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[Speed Comparison] Avoiding JIT warmup #1860

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twiss opened this Issue Sep 27, 2017 · 7 comments

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twiss commented Sep 27, 2017

So, I was adding the new Cherow parser to the comparison benchmark, and I noticed that the results didn't match up with my unscientific benchmark "in the wild", which turned out much slower. I believe this is because the benchmark calls the parser many many times, giving the JIT compiler a lot of opportunity to optimize the code, while I only parse a few scripts, and all of them only once.

So, I modified the benchmark to create a new Web Worker for every benchmark cycle, in an attempt to make the code run in a fresh instance of the JIT compiler. (While still only measuring the parse time.) And sure enough, the parse times went up by around 2x, and closer together.

Do you think this is a fair(er) benchmark (or do you think warm JIT is more realistic for most use cases)? (We could also have both, of course.) It might also be useful for the (non-comparison) benchmark suite.

You can see the (still rough) code here, and run the benchmark here.

(More discussion on Cherow's issue tracker)

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ariya Sep 30, 2017

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Hi @twiss,

Thanks for looking into this. The Web Workers approach is definitely interesting, feel free to submit that as a pull request and I'd be happy to review it!

As for the differences in the result, it certainly requires a more in-depth analysis. Based on my experience, I highly recommend separating between factual observations (e.g. differences in elapsed execution time) and assumptions (e.g. this is caused by a certain JIT compiler behavior). Taken out of context, mixing the two can result in a lot of future misunderstanding.

Also, the assumption of that JIT compiler behavior needs to be validated anyway. This can be done by looking at the graph and generated code, particularly interesting if it is V8's TurboFan. There could be other reasons as well, e.g. perhaps it is because of the garbage collection?

Please be careful with your particular use of cold JIT vs warm JIT. IMO, it has nothing do with running in a separate thread (via Web Workers) or not. In the compiler field, warm is usually associated with the JIT compiler getting enough work (e.g. due to intensive loops) to start switching to a different optimization mode. A single-threaded JIT compiler can get warm/hot enough after doing a particular processing over and over again.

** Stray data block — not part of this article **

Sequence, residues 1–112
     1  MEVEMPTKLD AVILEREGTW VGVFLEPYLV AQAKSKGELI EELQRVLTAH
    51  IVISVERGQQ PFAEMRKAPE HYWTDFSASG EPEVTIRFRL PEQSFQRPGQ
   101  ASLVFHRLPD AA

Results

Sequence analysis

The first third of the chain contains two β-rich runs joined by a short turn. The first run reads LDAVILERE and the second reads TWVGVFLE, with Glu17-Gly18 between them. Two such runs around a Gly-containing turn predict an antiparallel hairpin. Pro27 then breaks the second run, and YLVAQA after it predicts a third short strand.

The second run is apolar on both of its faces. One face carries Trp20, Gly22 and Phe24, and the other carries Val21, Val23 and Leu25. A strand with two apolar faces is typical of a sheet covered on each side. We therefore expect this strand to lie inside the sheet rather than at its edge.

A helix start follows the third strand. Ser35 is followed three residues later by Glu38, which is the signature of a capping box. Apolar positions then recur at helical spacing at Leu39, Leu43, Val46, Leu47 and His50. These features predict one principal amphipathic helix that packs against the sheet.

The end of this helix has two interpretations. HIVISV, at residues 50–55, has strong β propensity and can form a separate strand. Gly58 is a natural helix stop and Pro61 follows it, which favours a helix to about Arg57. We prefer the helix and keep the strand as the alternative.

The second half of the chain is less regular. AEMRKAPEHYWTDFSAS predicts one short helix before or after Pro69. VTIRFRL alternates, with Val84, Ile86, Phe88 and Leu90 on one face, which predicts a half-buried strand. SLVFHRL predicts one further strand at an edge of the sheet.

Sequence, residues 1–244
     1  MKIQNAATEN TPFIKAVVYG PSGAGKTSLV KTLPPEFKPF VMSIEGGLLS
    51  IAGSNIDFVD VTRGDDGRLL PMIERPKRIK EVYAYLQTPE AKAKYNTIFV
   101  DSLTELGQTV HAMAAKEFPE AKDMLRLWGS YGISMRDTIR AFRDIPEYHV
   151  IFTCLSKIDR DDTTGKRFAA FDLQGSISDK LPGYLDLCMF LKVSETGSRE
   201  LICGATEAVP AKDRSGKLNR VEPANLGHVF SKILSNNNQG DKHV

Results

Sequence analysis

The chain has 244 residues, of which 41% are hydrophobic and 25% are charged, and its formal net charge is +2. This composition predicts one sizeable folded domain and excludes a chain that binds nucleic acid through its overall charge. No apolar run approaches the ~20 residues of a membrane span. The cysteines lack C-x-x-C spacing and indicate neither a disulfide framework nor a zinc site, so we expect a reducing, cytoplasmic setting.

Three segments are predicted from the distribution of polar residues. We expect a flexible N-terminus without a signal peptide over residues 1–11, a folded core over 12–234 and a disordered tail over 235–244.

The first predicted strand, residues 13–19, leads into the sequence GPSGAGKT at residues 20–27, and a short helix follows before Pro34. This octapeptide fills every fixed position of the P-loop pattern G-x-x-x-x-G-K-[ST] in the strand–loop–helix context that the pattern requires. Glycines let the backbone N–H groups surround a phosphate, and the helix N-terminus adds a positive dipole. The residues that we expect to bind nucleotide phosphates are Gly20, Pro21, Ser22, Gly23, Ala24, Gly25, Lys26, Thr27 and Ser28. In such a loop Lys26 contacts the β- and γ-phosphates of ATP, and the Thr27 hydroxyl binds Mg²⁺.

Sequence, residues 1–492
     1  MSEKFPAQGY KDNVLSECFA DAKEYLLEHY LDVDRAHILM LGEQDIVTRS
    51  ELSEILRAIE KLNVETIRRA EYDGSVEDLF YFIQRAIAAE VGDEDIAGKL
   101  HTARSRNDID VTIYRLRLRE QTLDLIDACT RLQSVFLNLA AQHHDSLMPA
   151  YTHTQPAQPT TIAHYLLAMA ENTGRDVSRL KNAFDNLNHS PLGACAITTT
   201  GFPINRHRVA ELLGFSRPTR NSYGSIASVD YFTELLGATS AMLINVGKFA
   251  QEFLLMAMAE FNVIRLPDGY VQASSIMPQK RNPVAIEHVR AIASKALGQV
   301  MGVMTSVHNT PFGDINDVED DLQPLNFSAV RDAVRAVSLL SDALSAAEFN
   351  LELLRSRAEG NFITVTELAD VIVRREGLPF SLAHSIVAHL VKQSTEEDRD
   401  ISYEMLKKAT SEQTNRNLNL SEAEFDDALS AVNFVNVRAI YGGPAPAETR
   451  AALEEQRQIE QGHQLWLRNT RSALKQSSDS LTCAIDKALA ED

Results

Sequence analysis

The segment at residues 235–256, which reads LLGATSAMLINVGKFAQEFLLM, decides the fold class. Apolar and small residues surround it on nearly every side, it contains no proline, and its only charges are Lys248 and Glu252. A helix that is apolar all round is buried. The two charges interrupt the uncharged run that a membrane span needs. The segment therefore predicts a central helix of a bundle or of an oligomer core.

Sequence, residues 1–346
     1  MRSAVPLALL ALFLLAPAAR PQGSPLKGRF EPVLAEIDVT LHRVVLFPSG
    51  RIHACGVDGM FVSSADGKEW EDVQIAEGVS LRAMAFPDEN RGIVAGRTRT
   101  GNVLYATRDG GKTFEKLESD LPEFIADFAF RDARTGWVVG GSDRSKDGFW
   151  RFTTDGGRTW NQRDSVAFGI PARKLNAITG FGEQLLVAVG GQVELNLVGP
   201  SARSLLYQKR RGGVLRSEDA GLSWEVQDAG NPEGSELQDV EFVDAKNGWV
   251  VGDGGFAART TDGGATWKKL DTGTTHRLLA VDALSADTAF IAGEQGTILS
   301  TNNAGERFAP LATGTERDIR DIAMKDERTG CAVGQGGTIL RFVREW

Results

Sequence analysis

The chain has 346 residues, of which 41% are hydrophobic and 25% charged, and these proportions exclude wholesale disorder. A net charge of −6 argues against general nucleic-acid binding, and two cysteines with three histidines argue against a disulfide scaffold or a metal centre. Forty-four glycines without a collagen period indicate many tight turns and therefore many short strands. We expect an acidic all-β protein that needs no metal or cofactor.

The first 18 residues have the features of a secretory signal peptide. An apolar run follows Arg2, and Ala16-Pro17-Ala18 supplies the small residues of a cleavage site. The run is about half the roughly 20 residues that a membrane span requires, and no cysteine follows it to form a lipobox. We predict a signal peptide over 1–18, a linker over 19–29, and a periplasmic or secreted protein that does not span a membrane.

Instead of distinguishing by cold and warm JIT, I suggest identifying the two different modes as the main browser thread vs its own isolated thread (due to Web Workers).

Looking forward to reviewing your PR. Thank you!

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ariya commented Sep 30, 2017

Hi @twiss,

Thanks for looking into this. The Web Workers approach is definitely interesting, feel free to submit that as a pull request and I'd be happy to review it!

As for the differences in the result, it certainly requires a more in-depth analysis. Based on my experience, I highly recommend separating between factual observations (e.g. differences in elapsed execution time) and assumptions (e.g. this is caused by a certain JIT compiler behavior). Taken out of context, mixing the two can result in a lot of future misunderstanding.

Also, the assumption of that JIT compiler behavior needs to be validated anyway. This can be done by looking at the graph and generated code, particularly interesting if it is V8's TurboFan. There could be other reasons as well, e.g. perhaps it is because of the garbage collection?

Please be careful with your particular use of cold JIT vs warm JIT. IMO, it has nothing do with running in a separate thread (via Web Workers) or not. In the compiler field, warm is usually associated with the JIT compiler getting enough work (e.g. due to intensive loops) to start switching to a different optimization mode. A single-threaded JIT compiler can get warm/hot enough after doing a particular processing over and over again.